“I must wait for time to draw a veil over the common details, the unessential parts, which shall leave the great features, whether the beautiful or the sublime, dominant in the mind.” – Thomas Cole

Thomas Cole is the father of American landscape painting, but he was born in Britain and trained in European Romanticism. Throughout his work, Cole makes use of symbolism and the Sublime. Cole’s embrace of the sublime, a category of beauty that late 18th and early 19th century European philosophers and artists defined, ensures his work still has much to say to us today.

According to notions of the sublime, the human element is dwarfed to the point of being overwhelmed by Nature, which is seen as a vast world of violent, churning forces coldly indifferent to any human suffering Nature might cause.

For Cole, there were few things more sublime than Nature embodying God’s wrath, as he painted in his dramatic Expulsion of Adam and Eve from the Garden of Eden of 1828.

The scenery is North American; Cole saw this natural land bridge over a gorge in New Hampshire’s White Mountains in 1827 (it’s since fallen).

Traditionally, representations of the event have Adam and Eve as the focal point, with their despair conveyed through their gestures. Cole has diminished the figures to tiny, minimally detailed ones, filling the landscape itself with all the grief and terror of one of civilization’s most potent foundational myths.

Thomas Cole, Expulsion from the Garden of Eden, detail center.

Consistent with the more or less dualistic vision of good and evil espoused by many strains of Christianity, the composition is divided exactly in half. On the viewer’s right is Paradise, away from which Adam and Eve are forcibly thrust by a bright ray of divine light. Cole’s Paradise is vibrant and full of life, lush with thriving wildlife and clear blue skies.

On the left side of the picture, Cole portrays the world after the Fall as the opposite of Paradise. It is dark and ominous, storm- and soot-choked, with the decaying trees, an angry volcano erupting in the background, and a wolf devouring a deer in the bottom left corner, snapping at a vulture trying to scavenge some of the carcass.

Thomas Cole, Expulsion from the Garden of Eden, detail lower left.

As amazing as the Expulsion from the Garden of Eden is, even more vivid is a second painting done at the same time titled Expulsion. Moon and Firelight. Here we have the same natural bridge and symmetrical composition. But this time Cole shifts the angle and removes the figures (neither Adam or Eve are present).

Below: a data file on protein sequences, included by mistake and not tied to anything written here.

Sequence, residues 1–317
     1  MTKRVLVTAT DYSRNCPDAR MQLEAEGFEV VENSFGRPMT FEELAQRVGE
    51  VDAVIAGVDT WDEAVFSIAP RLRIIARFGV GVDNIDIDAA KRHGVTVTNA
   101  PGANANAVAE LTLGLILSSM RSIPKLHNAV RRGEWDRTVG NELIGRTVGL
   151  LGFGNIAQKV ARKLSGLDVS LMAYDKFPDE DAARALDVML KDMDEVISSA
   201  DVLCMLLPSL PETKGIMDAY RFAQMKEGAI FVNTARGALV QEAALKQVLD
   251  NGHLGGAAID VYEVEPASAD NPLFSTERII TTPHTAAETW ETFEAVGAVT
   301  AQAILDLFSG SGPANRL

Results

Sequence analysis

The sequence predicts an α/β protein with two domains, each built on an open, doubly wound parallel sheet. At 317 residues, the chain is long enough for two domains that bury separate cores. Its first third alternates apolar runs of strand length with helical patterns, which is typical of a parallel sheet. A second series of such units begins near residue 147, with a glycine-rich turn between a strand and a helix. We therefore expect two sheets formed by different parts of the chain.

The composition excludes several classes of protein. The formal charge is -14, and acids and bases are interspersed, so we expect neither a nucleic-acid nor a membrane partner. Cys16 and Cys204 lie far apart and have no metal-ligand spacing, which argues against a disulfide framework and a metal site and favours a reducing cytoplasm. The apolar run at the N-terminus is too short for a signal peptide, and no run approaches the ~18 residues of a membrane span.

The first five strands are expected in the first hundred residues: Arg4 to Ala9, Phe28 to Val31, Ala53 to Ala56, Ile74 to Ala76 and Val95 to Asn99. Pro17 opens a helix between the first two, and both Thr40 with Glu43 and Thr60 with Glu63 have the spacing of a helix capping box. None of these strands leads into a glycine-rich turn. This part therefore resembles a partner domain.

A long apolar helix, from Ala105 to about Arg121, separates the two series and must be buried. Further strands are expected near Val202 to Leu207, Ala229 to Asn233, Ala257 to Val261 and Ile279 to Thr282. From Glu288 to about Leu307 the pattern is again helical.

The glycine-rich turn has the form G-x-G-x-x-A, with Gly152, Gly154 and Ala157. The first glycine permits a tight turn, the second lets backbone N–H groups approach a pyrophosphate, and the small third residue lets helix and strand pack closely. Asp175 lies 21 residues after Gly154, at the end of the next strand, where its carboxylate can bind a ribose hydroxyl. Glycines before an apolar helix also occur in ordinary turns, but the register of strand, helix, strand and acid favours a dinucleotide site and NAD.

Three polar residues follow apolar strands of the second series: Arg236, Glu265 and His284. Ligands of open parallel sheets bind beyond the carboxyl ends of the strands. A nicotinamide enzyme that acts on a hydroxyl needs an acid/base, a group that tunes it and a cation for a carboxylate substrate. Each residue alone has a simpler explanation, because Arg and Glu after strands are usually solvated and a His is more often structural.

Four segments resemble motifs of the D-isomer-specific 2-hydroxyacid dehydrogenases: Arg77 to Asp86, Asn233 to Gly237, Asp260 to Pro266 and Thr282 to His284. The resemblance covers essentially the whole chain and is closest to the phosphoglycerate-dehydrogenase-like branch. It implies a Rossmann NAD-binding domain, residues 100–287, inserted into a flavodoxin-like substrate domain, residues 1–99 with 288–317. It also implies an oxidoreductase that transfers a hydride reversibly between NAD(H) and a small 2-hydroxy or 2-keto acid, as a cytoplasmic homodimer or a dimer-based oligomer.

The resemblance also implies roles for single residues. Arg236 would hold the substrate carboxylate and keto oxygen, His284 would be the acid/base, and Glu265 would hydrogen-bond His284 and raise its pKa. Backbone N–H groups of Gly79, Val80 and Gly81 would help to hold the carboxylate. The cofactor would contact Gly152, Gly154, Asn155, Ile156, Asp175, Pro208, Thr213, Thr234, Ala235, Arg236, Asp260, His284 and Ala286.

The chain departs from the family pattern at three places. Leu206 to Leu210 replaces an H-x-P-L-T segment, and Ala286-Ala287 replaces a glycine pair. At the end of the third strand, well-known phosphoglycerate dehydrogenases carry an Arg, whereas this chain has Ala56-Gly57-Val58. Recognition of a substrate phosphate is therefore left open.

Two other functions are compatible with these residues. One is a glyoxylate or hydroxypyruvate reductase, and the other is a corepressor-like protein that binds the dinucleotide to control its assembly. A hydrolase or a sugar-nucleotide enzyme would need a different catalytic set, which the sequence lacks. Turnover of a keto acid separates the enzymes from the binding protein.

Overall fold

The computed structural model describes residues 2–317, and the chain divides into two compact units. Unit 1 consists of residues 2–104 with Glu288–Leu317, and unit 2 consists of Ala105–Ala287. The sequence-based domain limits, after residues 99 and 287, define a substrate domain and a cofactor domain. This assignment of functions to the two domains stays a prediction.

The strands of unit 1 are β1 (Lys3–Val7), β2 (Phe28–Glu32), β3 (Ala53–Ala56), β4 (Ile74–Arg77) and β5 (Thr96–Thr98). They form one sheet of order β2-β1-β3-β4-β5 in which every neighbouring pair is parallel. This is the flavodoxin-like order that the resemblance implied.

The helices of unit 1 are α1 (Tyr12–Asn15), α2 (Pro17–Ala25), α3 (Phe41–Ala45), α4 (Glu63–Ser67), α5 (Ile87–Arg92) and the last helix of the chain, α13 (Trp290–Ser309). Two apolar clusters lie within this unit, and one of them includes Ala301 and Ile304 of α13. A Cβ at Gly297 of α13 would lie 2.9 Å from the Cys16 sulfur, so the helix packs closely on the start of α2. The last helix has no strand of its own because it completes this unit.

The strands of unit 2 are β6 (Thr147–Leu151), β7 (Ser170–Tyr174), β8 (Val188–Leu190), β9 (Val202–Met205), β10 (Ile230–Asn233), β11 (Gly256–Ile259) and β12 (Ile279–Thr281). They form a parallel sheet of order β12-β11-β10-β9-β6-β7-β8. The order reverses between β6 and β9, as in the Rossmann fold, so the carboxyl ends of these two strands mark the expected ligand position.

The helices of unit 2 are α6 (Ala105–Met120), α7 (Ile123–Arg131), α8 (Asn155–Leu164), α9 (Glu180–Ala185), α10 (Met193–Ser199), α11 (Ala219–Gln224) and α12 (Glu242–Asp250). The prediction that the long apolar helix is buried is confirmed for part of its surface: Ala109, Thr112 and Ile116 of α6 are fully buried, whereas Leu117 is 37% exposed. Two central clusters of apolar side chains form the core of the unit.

Thomas Cole, Expulsion. Moonlight and Fire, 1828. The work is part of the currently on exhibit American art collection at the Thyssen museum in Spain.

He also embeds a symbolic cross shape in the center, created by the waterfall and the bridge. On the right side it is a sunlit day, on the left, a moonlit night. In this version, the divine light is not coming from Paradise; rather, it’s confined to the stone portal itself. By removing the figures, Cole leaves much to interpretation. Is this the aftermath, after Adam and Eve have crossed the bridge and are now wandering in the benighted wilderness? The painting becomes more symbolic than narrative, its realm no longer religion but the Cosmos itself.

For Cole, art’s higher purpose was to open our eyes to human potential as well as to the value and beauty of the natural world around us. As early as the 1820s Cole saw which way things were trending; he feared the effects on nature of the rapid industrialization of the United States.

In these paintings, Cole portrays the North American landscape through the metaphor of Eden and the Fall. “We are still in Eden,” he said. “The wall that shuts us out is our own ignorance and folly.”

Too Hot to Move!

Gustave Courbet, The Young Ladies on the Bank of the Seine, 1856 (detail)

We’re having a heatwave and it’s too hot to move. But paint you must! How would you convey intense heat in your paintings? Send us pix and we’ll share with the group. For inspiration try this roundup of scorcher summer paintings.